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Google “how to cock up a project” and you find hundreds of articles about projects hitting the dust due to poor project management. The outcomes of a recruitment technology project “stuff up” (translated so we don’t appear in too many inappropriate searches) are far reaching and not restricted to:

  • Hair loss
  • Reduced reputation and reduced trust in the IT department and recruitment leaders
  • Lack of trust in technology and the technology providers
  • Escalating costs
  • Wasted time
  • Distraction and disruption
  • Downtime

… and what we often see: failure to grow the recruitment business effectively.

Lots of recruiters are updating their recruitment software this year (we are working with some of them).  There are obviously a huge number of ways a recruitment technology project might fail but I have picked out a few common ones which staffing companies need to be aware of. I have split them in to 2 streams:

  • (Boring) Planning
  • People (blog coming soon)

Let’s get Excited about Planning!

 “Failure to plan is planning to fail” definitely applies to recruitment software projects Tweet this

  1. Undefined Business Objectives – Without any objectives how can a decision be made on which recruitment CRM is best fit for your business? Ultimately what are the reasons you are updating your recruitment CRM or migrating to another recruitment software product? Get these documented before any selection process begins and you have something to reference against when reviewing the many CRMs.  This will help you avoid the features and focus on the benefits
  2. CRM Selection – Similar to above, investing in a system which does not fit the business requirements and objectives is going to lead to problems from the outset. Making sure the selection process involves upfront requirements gathering from the teams will give you a checklist on which you can base your buying decision.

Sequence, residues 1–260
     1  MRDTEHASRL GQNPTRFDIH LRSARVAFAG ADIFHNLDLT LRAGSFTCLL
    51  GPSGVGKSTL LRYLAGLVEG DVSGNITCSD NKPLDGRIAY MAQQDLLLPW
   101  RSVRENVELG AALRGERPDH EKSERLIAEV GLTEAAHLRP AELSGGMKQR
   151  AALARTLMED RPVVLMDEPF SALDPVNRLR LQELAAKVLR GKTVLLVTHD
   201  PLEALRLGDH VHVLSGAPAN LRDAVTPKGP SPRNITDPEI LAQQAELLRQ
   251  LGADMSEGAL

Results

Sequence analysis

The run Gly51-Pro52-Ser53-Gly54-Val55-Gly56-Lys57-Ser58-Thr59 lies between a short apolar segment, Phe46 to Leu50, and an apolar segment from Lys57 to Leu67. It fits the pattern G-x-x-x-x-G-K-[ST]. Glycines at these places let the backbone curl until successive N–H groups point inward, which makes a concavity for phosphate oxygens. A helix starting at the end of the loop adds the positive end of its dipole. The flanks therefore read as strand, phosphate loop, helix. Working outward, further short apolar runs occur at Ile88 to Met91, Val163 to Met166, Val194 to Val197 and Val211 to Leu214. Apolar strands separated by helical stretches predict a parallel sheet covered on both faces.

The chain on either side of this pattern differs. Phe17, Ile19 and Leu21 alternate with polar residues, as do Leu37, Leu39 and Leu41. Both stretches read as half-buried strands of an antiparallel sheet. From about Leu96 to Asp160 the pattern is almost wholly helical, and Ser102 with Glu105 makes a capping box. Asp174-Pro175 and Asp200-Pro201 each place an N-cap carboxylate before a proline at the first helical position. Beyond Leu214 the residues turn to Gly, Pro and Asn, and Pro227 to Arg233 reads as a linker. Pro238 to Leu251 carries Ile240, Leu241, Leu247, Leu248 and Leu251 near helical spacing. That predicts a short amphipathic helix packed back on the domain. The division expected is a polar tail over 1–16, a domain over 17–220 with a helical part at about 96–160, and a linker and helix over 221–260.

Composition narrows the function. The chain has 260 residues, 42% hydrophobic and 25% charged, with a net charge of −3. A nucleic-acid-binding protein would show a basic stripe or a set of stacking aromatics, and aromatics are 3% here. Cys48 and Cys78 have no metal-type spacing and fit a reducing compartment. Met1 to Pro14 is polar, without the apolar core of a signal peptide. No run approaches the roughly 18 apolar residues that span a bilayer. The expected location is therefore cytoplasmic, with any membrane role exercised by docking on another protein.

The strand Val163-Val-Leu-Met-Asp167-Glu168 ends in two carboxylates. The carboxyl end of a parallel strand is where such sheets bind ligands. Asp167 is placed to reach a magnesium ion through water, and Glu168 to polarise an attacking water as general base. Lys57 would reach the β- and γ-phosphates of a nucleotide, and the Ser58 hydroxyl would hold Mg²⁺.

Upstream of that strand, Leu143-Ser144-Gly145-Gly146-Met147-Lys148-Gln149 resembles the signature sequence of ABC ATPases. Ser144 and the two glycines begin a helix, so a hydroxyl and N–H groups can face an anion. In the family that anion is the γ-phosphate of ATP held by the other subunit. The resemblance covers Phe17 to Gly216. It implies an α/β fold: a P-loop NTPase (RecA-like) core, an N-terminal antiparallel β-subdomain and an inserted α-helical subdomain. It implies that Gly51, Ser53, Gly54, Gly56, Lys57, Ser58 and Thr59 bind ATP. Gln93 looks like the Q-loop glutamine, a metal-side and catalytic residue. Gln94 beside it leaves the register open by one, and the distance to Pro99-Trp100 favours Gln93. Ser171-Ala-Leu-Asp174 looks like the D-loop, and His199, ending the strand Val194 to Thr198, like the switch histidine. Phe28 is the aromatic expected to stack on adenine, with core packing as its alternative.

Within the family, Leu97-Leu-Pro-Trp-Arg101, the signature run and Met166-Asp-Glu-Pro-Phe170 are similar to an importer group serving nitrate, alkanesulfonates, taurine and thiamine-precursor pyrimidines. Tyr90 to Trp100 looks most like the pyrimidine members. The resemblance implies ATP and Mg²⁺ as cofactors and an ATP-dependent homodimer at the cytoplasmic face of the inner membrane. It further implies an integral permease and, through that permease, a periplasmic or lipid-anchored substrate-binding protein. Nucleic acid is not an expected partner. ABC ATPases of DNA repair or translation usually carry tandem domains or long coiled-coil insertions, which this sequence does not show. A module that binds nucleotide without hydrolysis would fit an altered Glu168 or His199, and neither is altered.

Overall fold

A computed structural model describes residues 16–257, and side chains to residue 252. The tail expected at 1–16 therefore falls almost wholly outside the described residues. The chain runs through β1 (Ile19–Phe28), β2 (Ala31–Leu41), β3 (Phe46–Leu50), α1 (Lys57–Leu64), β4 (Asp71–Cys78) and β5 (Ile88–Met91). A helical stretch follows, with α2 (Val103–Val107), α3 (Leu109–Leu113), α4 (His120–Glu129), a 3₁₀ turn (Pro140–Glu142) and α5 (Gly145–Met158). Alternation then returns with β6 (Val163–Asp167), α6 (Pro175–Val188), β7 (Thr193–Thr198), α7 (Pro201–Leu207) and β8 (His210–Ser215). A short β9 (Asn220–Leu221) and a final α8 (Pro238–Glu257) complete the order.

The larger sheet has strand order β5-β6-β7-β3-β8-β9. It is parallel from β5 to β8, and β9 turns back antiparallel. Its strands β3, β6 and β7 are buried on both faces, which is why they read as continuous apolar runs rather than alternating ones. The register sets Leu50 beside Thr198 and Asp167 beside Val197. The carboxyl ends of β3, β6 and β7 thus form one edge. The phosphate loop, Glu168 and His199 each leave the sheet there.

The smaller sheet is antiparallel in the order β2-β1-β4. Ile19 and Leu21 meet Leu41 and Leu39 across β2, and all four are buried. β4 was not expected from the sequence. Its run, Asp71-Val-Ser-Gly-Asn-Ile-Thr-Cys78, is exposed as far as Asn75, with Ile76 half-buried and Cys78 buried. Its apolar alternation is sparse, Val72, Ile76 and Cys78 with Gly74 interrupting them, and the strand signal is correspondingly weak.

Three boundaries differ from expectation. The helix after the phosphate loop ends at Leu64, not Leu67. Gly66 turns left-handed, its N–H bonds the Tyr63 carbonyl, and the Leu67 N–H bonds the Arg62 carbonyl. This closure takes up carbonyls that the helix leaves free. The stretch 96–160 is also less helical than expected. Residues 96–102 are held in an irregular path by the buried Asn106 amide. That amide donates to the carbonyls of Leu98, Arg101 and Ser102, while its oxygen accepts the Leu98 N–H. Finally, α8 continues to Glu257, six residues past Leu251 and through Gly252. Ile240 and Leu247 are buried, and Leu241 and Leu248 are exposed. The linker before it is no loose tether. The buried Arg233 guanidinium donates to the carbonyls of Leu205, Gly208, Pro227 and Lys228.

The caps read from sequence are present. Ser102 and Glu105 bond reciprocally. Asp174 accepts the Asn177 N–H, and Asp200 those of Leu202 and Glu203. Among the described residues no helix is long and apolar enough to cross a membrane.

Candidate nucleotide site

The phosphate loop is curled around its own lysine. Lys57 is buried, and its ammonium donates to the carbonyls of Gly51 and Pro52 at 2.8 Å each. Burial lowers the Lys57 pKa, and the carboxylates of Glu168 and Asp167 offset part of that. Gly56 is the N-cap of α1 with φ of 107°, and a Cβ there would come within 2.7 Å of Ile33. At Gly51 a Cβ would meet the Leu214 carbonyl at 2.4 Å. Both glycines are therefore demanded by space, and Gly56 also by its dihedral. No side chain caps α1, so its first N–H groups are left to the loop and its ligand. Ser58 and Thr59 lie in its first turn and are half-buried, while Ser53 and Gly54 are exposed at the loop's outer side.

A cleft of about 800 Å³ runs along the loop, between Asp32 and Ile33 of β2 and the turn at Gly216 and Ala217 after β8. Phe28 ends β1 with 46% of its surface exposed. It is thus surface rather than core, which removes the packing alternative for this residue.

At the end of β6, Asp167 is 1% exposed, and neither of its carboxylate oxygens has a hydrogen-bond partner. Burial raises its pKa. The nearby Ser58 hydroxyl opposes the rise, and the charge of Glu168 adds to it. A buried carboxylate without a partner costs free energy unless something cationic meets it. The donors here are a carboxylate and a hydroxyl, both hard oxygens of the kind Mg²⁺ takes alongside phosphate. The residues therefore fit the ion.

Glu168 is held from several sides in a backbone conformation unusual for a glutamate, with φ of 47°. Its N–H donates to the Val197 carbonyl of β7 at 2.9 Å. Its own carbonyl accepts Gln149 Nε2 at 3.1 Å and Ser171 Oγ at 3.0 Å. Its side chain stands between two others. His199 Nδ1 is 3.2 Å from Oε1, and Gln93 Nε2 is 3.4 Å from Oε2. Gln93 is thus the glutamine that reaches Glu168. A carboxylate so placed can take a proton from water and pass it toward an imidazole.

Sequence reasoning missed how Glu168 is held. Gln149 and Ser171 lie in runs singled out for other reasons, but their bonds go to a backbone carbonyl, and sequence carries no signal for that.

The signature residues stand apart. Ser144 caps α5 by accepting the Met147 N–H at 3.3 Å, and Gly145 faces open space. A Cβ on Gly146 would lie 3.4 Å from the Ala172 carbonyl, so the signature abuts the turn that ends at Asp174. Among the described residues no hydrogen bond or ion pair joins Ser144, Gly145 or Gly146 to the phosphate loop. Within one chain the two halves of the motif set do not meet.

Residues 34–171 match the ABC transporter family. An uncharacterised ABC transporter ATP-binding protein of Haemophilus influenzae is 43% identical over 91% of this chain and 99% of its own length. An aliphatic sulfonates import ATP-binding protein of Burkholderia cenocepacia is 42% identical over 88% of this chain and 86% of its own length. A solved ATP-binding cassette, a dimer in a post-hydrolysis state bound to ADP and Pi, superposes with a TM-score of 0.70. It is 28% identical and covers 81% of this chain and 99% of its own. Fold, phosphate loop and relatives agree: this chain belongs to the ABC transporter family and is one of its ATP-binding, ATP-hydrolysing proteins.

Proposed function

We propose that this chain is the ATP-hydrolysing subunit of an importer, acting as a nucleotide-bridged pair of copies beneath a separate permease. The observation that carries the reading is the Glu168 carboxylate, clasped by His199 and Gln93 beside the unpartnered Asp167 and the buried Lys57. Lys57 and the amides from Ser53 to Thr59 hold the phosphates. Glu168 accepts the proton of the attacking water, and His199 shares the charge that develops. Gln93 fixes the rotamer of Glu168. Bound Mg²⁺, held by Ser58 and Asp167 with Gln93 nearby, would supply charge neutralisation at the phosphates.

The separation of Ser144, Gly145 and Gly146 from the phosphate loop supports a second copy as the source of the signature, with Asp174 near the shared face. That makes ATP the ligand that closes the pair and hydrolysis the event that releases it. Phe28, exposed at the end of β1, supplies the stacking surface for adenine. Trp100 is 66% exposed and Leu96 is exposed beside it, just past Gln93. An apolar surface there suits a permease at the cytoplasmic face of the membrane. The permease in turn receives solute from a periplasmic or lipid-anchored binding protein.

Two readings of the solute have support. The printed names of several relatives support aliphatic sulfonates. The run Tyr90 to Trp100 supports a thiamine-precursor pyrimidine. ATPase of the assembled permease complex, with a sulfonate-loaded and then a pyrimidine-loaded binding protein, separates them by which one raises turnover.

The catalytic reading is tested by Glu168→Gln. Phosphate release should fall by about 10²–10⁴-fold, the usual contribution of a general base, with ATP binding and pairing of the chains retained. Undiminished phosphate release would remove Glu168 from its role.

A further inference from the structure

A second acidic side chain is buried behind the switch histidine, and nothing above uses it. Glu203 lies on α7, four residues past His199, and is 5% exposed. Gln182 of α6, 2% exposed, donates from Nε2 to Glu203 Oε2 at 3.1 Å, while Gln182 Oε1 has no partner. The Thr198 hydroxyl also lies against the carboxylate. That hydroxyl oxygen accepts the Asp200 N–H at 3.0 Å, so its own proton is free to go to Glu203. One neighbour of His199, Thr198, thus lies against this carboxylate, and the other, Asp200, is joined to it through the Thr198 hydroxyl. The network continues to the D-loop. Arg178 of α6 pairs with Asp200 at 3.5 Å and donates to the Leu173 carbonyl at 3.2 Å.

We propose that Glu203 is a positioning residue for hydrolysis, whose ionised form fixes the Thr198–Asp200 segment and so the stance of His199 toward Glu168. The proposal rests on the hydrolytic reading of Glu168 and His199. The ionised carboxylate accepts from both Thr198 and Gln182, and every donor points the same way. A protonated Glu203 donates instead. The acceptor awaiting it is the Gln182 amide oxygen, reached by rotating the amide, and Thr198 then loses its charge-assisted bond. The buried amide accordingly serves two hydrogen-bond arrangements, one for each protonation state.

3. Moving Goal Posts – The techie phrase is “scope creep” but essentially it’s the introduction of change not documented at the outset. Whilst change is good as essentially you want the system to function correctly, scope creep can cause delay and cost to the project.  
  4. Planning – We all want to dive into the “doing” of the project – it’s exciting and feels like you’re actually doing something. But without a plan how do you know when the project is due to go live? When resource is needed? Milestones to monitor progress against? Most CRM projects will take months to complete so a detailed plan is essential so everybody involved knows what’s going on.  Ultimately, how do you know you’ve succeeded?
  5. Poor Project Management – As a project manager this is really close to my heart.  As the name suggests it is the project manager’s job to manage the project as a whole. Failure to assign a project manager can lead to a number of issues.  You need one person managing all of the pieces of the jigsaw and keeping everyone updated of progress risks and issues. Make sure you have a focussed project manager (and an experienced one) who can keep the project moving and not be afraid of having the difficult conversations around the business or with suppliers.

Are you updating your recruitment software?  How are you planning to make the project a success and have you spotted that nasty scope creep lurking around every corner?

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